Monday, 13 January 2014

Bento Love

When I was working in Westminster there were so many quick lunch options that it was simple (albeit very expensive) to go out and grab something for lunch. Now I'm working out of London, lunch options are fewer and bringing my own lunch in saves a considerable amount of money over time, as well as generally being healthier than ready-made sandwiches or salads (our options here are Greggs, M&S or something from Morrisons...). Plus, it just looks so cool to have such a beautiful lunch! Packed lunches are not just for kids, and don't have to consist of boring, sandwiches!

What on earth is bento?
You may well have seen the pictures of amazing packed lunches made by some mothers in Japan for their children (referred to as 'character' or 'picture' bento), however most day-to-day bento are single-portion takeout or home-packed meals, common in Japanese cuisine. A traditional bento consists of rice, fish or meat, and one or more pickled or cooked vegetables, usually in a box-shaped container (thank you, Wikipedia). Although very popular in Japan and increasingly popular around the world, particularly in the US, it seems that bento-making is still in its early days here in the UK.

I'm not going to profess to be an expert in bento-making by any means, however I hope that I can share a few ideas that will give you some inspiration for your own lunches.

There seem to be a couple of schools of thought on bento proportions for carbohydrates, proteins, vegetables and sweet/dessert, but generally proportions seem to be given in the proportions of 4:3:2:1 (carbohydrate : protein : vegetable : sweet) or even more simply as 3:2:1 (carbohydrate : protein : vegetable). The idea is that a correctly-sized bento box which is properly packed, will provide you with approximately the same calories as the volume of the box (ie, a 500ml box should provide about 500 calories). This not only makes it easy to regulate your portion sizes, but  also makes it easy to manipulate the calorific intake by modifying the ratios.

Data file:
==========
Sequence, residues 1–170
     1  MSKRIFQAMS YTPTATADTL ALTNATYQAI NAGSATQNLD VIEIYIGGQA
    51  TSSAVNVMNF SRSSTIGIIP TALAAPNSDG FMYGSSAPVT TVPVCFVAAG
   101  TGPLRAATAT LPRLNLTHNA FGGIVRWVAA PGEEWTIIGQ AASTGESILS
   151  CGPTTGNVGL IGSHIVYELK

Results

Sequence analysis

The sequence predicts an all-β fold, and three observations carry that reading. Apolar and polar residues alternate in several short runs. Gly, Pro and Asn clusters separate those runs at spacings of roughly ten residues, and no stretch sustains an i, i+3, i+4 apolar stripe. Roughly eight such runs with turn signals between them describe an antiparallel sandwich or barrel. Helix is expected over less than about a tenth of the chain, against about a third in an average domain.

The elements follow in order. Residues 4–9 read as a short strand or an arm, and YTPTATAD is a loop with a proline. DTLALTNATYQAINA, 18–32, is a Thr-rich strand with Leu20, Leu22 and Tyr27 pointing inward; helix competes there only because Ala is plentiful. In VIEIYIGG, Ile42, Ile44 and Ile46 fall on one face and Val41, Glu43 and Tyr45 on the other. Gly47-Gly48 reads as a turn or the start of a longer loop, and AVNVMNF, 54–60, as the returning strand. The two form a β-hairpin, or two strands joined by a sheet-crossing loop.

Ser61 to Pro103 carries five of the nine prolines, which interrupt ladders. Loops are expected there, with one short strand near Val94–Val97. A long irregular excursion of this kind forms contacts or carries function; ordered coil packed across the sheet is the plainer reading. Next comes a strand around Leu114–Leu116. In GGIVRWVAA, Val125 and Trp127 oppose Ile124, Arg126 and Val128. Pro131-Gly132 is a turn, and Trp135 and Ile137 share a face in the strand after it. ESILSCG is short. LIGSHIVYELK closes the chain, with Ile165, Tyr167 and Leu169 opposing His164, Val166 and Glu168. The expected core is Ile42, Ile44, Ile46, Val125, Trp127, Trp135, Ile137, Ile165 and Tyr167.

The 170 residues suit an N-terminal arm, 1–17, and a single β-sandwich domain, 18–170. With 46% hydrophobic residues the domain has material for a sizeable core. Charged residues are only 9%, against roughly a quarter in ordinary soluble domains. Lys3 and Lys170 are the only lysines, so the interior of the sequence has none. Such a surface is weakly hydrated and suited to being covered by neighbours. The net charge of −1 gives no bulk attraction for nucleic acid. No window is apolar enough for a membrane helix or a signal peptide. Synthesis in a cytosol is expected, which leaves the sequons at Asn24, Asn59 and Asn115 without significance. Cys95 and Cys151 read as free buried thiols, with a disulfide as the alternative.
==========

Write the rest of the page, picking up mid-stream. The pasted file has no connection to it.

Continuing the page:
Pictured is an example of a pretty traditional bento - included are a simple soy-chicken stir fry, rice, hoisin beansprouts, blanched broccoli and dried mango. I prefer flavoured rice, so this had a small drizzle of kecap manis (sweet soy). This box has a total volume of 650ml, divided over three tiers (a larger one at 250 ml, and two smaller ones at 200 ml), however rather than fill the larger compartment with rice, I decided to use a smaller one and to increase the protein/vegetable content and reduce the calories instead; packing gaps with the blanched broccoli. You could also of course, massively reduce the carbohydrates by replacing the whole of the rice container with more fruit or veggies.

I'll post more healthy bento box ideas over the coming weeks! :)

In other news, today was the Week 2, Day 1 workout for C25K. The 'run' definitely seemed a little trickier than last week, although foing sweet f* all all weekend probably didn't help!
To be fair, I think I felt as tired after the first workout last week and it got easier, so I'm hoping for the same this week. :)

Today's Workout (c25k W2D1):
Rowing (moderate, 30 spm) = 5 minutes
Walking (brisk, 3.8 mph) = 21 minutes
Running (slow, 4.9 mph) = 9 minutes
Strength (Squats, Bench Press, Lateral Pulldown) = 4x8 of each
(Strength programme is being reviewed later today!)

Shoes: Vivobarefoot Breatho
(Minimus ones still need sending back to New Balance for exchange...)

165 lbs (-1.5 lbs)

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